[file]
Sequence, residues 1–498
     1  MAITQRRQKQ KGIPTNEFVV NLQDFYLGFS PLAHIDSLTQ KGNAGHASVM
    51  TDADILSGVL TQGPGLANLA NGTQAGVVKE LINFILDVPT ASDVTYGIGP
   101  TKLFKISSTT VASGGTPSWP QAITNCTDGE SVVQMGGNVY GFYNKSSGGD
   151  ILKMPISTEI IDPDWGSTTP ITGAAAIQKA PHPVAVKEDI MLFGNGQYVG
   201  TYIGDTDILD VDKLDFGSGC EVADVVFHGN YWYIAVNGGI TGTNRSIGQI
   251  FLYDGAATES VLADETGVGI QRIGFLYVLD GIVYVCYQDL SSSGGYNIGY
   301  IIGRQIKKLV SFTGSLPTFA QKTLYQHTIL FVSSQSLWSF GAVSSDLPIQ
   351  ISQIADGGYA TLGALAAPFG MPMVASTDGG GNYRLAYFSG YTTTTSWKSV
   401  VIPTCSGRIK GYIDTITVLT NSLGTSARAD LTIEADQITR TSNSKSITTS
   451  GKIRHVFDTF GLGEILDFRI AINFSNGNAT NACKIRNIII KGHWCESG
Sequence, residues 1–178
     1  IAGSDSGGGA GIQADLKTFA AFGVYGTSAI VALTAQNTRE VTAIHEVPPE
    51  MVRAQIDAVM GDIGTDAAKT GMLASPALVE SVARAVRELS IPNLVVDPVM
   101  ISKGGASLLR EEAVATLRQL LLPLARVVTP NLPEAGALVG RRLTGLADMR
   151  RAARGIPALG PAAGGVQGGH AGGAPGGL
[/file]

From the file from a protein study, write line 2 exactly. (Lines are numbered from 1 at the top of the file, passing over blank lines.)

     1  MAITQRRQKQ KGIPTNEFVV NLQDFYLGFS PLAHIDSLTQ KGNAGHASVM